Sunday, July 21, 2013

Race Report: South Kettle Classic

After a bunch of races with big climbs and long descents, I was hungry for a change of pace.  I was craving some good old Midwestern singletrack.  The South Kettle Classic has been on my radar for quite awhile, but since it relied on flying stand by through my lovely wife's flight benefits (I have mentioned this before, but she's a flight attendant) I didn't list it in on my race schedule.  South Kettle State Park is located between Madison and Milwaukee.  It is also only two and half hours from my hometown of the Quad Cities.  This meant I had a couple of options available.  Milwaukee flights quickly filled up so that was out.  Madison was looking good until a couple days out, so that dropped off the list.  The only option left was the Quad Cities.  Although it was a little more driving, it was the cheapest option since I had place to stay and a vehicle thanks to my supportive parents.  I'm truly blessed with great parents.  I flew in on Thursday night, got about five hours of sleep, and worked remotely on Friday from my parents.  After a long work day and a nap, I went for a ride at one of local trails, Scott County Park.  These trails are tight, twisty ones without a dull moment.  I snaked around the turns brushing by bushes and trees like ski gates.  This was perfect practice for the South Kettle Classic.  

I showed up at the south kettle trailhead ready for some fun.  The start was “lemond” style where you run to your bike.  A tri athlete's motto is swim, bike, run.  My motto is bike, bike, and bike some more.  Notice how 'run' isn't in there.  I prefer it that way.  My 'run' was more like a light jog.  I don't know how far back I started out, but it wasn't anywhere near the front.  I slowly picked off riders whenever I could, which in this twisty singletrack coarse was a bit of a challenge.  I wasn't in too much of a hurry though.  After all, my only goal for the day was to give myself one more beating after a hard block of racing to earn some vacation time off.  It's been a long time since I've ridden in Wisconsin, and I honestly didn't remember it being so rocky!  There was some great rock sections that made my Colorado heart sing.  The trail was so much fun, but I have to admit I was a little out of practice of the twisty stuff.  The locals had the advantage for sure.  I did my best to stay off the brakes and find my flow.  The fact that I was down to the last millimeter on my front brake pads was more inspiration to stay off the breaks.  Didn't realize that until I unpacked the bike.  I never really knew when I was climbing so I just tried to push hard on anything that felt like up.  I heard the locals talk about the “big climb”.  I think this was a short section that was a little steep and full of loose rock.  I just blasted it every time.  After five laps of clipping trees and bushes I felt pretty cooked, and so were my brakes that were completely depleted during the last mile.  Ended up fourth among the local pros.  I happily took it and got out of there before awards to hang out with more friends and family back in the home town.  The trip ended with an added bonus of a first class seat back into Denver.  Not a lot of sleep, but had a lot of fun seeing some familiar faces and riding some once familiar trail.  I also was able to try my brother's strawberry blonde that he home brewed.  Absolutely delicious.  I'm not the only one in the family with a talent.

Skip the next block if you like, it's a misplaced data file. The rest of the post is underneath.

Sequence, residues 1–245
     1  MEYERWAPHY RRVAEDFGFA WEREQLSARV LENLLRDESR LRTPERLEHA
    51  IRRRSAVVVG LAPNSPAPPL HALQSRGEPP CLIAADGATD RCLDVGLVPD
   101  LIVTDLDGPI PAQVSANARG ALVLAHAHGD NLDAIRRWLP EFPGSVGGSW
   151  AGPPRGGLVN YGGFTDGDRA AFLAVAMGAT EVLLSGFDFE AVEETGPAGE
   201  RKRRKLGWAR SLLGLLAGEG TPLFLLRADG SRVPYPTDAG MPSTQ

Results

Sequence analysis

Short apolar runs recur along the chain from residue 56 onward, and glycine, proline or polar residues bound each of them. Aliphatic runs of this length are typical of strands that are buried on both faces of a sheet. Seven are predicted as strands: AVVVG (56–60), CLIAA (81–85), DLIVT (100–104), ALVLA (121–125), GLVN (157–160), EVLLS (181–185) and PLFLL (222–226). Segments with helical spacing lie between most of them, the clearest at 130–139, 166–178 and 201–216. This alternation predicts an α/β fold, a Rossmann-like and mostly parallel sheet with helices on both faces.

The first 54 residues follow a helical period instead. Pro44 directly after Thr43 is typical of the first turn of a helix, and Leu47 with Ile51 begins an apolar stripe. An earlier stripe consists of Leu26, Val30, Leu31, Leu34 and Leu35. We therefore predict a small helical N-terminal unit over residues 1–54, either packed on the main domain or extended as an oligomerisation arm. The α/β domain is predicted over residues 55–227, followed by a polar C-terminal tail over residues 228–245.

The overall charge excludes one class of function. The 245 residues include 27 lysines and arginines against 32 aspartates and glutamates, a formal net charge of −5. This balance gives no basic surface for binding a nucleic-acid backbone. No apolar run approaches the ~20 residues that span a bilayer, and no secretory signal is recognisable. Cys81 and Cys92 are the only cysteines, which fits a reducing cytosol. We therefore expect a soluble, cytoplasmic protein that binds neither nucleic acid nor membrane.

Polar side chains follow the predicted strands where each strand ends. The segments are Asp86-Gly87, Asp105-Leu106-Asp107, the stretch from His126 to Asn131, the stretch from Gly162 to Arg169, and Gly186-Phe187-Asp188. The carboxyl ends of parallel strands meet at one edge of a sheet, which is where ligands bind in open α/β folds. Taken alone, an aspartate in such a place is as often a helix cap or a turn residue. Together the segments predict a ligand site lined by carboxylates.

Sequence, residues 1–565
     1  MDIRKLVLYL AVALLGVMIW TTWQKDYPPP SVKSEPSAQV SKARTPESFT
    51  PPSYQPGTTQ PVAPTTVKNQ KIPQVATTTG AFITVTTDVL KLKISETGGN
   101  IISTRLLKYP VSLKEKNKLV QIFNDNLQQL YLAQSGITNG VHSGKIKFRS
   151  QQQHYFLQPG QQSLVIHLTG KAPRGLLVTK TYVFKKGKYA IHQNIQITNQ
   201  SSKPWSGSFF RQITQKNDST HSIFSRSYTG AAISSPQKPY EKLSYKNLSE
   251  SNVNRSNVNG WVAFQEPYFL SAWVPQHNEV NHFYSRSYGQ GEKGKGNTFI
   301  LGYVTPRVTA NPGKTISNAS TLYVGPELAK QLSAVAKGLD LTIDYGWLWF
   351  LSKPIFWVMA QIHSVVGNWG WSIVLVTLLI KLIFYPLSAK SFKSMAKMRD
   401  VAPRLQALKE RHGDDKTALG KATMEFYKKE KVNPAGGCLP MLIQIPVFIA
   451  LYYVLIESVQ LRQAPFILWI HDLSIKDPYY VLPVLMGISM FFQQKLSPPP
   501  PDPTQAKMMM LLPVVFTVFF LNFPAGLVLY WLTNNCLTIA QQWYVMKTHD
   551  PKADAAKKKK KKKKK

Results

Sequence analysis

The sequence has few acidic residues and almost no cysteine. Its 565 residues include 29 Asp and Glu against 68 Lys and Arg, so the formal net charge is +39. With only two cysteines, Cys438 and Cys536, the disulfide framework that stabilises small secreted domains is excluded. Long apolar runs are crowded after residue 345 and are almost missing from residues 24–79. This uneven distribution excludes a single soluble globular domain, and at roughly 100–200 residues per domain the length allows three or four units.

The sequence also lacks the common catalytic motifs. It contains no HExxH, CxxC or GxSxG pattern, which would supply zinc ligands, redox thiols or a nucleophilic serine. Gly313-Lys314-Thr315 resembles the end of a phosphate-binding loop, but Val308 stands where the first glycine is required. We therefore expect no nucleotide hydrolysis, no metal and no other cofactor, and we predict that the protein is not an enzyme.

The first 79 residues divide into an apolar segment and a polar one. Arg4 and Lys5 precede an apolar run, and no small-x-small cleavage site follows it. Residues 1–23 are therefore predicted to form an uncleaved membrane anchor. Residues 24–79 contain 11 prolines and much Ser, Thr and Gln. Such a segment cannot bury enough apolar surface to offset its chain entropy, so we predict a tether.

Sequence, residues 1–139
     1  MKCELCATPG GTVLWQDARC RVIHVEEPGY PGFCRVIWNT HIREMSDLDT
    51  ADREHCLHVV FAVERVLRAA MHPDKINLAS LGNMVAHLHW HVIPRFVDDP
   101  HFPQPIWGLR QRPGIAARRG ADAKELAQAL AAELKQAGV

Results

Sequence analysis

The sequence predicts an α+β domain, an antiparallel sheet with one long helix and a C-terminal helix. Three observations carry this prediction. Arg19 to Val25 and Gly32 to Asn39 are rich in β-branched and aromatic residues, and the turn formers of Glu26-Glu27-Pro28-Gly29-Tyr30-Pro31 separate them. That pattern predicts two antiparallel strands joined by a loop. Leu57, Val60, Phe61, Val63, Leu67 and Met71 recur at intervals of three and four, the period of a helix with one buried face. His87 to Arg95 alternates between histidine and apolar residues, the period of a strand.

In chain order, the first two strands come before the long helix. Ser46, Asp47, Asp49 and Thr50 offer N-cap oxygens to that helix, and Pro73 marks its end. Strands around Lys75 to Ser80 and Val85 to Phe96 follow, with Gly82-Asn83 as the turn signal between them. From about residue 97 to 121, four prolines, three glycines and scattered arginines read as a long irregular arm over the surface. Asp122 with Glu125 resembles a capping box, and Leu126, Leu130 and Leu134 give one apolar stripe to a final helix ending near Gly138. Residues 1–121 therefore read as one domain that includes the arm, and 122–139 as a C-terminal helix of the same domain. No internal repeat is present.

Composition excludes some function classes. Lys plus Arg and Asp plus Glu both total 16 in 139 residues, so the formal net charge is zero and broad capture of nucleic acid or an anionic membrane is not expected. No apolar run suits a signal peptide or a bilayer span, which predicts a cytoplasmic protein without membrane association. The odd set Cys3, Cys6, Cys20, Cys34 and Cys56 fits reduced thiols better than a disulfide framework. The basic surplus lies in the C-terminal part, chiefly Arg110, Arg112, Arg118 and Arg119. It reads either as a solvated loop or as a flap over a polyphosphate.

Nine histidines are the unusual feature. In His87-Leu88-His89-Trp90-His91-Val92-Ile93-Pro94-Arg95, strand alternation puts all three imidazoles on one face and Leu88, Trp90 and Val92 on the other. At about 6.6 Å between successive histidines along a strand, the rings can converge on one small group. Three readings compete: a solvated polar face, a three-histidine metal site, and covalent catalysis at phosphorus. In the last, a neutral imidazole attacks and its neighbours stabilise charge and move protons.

If you haven't already, I strongly suggest checking out one the races in the Wisconsin Endurance Mountain Series (WEMS).  Like I overheard the race director saying, there isn't a bad WEMS race.  I surely enjoyed mine.  Now it's time for some relaxation on an Alaskan cruise, and then back at it with the Leadville 100.